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Prev Med. 2003 Feb;36(2):217-28.

Cardiovascular risk factor profiles and their social gradient from adolescence to age 74 in a Swiss region.

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  • 1Institute of Social and Preventive Medicine, University of Lausanne, rue du Bugnon 17, CH-1005 Lausanne, Switzerland.



Few European studies have investigated how cardiovascular risk factors (CRF) in adults relate to those observed in younger generations.


To explore this issue in a Swiss region using two population health surveys of 3636 adolescents ages 9-19 years and 3299 adults ages 25-74 years.


Age patterns of continuous CRF were estimated by robust locally weighted regression and those of high-risk groups were calculated using adult criteria with appropriate adjustment for children.


Gender differences in height, weight, blood pressure, and HDL cholesterol observed in adults were found to emerge in adolescents. Overweight, affecting 10-12% of adolescents, was increasing steeply in young adults (three times among males and twice among females) in parallel with inactivity. Median age at smoking initiation was decreasing rapidly from 18 to 20 years in young adults to 15 in adolescents. A statistically significant social gradient in disfavor of the lower education level was observed for overweight in all age groups of women above 16 (odds ratios (ORs) 2.4 to 3.3, P < 0.01), for inactivity in adult males (ORs 1.6 to 2.0, P < 0.05), and for regular smoking in older adolescents (OR 1.9 for males, 2.7 for females, P < 0.005), but not for elevated blood pressure.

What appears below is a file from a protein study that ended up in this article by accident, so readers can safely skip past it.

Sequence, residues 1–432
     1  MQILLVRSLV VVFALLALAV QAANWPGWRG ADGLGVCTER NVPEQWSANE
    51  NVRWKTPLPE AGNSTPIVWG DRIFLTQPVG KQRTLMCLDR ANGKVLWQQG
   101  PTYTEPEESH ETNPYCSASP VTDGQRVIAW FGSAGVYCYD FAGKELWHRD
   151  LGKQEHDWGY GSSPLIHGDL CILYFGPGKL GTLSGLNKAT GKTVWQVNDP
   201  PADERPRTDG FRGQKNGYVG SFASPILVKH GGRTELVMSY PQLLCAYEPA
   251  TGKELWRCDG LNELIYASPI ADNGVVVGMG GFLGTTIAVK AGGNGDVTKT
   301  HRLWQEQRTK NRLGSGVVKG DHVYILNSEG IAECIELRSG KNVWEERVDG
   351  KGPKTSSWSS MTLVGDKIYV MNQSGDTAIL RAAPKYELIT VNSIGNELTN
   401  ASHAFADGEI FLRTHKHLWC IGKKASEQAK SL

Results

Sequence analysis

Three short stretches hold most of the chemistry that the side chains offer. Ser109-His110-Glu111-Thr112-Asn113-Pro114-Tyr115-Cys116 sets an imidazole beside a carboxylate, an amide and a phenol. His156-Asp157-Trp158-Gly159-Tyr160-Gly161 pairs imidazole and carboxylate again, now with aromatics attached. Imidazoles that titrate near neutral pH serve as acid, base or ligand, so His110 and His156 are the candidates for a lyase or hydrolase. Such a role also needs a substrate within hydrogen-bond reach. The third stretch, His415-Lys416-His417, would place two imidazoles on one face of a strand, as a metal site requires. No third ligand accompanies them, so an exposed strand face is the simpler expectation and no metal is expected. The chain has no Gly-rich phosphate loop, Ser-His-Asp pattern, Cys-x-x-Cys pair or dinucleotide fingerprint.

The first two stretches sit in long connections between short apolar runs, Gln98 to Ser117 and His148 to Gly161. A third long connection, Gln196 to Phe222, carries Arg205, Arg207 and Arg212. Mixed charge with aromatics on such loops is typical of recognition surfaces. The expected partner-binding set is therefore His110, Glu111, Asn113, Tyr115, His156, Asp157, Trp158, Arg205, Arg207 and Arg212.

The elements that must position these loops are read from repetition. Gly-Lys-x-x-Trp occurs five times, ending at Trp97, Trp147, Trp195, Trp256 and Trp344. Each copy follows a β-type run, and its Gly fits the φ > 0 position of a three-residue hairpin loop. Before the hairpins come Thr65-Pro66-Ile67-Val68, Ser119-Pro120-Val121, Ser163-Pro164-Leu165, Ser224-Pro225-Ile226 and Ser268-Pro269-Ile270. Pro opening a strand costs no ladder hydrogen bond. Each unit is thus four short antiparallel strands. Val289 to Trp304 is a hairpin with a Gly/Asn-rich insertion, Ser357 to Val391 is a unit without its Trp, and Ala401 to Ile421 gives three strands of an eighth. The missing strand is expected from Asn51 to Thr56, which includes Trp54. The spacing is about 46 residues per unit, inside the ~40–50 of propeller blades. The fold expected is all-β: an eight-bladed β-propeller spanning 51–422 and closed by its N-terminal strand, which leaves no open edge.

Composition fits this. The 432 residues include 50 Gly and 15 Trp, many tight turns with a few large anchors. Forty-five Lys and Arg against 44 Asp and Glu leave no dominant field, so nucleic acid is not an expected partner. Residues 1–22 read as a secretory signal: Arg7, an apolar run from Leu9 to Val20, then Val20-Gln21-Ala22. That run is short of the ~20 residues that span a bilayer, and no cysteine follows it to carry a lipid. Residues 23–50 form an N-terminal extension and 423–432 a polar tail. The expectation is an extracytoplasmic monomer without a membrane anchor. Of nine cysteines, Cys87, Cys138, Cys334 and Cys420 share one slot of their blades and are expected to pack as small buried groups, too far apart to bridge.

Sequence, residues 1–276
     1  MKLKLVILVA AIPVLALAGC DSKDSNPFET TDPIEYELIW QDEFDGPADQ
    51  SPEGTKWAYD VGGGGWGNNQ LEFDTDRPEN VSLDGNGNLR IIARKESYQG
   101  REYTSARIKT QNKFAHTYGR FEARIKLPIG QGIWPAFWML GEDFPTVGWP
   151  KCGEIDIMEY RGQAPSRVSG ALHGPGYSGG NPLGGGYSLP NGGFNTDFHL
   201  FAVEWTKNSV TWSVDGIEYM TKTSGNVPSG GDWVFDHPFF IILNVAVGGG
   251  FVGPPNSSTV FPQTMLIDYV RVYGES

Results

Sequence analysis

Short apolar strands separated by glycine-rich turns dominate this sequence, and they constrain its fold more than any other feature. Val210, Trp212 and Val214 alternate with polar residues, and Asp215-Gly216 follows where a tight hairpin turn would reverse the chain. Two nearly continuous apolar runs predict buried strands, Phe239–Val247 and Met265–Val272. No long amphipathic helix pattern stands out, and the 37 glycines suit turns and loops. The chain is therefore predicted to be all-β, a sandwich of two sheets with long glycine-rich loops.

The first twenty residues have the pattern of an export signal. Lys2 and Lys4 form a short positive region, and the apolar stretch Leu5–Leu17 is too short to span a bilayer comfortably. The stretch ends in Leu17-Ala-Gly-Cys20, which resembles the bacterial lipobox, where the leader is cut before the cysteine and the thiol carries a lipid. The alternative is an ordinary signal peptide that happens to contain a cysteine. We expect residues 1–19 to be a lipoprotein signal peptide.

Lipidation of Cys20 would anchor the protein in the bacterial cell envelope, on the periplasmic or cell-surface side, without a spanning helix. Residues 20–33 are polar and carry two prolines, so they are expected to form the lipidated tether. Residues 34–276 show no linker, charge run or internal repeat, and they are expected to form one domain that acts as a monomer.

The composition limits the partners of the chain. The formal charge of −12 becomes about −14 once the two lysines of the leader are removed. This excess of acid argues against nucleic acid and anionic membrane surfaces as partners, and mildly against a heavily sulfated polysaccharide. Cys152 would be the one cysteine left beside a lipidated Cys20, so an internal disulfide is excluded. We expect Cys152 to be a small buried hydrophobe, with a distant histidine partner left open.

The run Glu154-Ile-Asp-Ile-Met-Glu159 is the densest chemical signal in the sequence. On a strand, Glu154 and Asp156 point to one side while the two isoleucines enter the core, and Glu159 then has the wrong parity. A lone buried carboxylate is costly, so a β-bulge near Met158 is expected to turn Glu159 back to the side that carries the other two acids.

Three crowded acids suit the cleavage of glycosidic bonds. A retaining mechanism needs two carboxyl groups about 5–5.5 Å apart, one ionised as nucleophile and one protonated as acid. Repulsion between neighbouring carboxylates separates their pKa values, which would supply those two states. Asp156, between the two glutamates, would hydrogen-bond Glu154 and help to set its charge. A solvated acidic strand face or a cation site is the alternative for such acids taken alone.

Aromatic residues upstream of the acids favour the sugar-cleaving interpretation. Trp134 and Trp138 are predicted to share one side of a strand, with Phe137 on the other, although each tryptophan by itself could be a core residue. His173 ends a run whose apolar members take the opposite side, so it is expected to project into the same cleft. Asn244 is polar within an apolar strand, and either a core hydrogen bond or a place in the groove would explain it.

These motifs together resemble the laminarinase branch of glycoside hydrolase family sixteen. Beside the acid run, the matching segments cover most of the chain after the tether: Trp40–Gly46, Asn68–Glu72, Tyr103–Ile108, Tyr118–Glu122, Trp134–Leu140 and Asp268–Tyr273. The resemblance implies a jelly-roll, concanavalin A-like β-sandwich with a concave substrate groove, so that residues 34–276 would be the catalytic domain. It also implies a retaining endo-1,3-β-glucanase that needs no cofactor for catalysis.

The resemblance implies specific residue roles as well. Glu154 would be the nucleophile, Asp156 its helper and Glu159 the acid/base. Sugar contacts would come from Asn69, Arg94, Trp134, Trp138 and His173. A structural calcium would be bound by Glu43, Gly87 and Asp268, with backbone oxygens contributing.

Discontinuities in the cross-sectional age patterns of CRF indicated the emergence of a social gradient and the need for preventive actions against the early adoption of persistent unhealthy behaviors, to which low-educated girls and women are particularly exposed.

[PubMed - indexed for MEDLINE]
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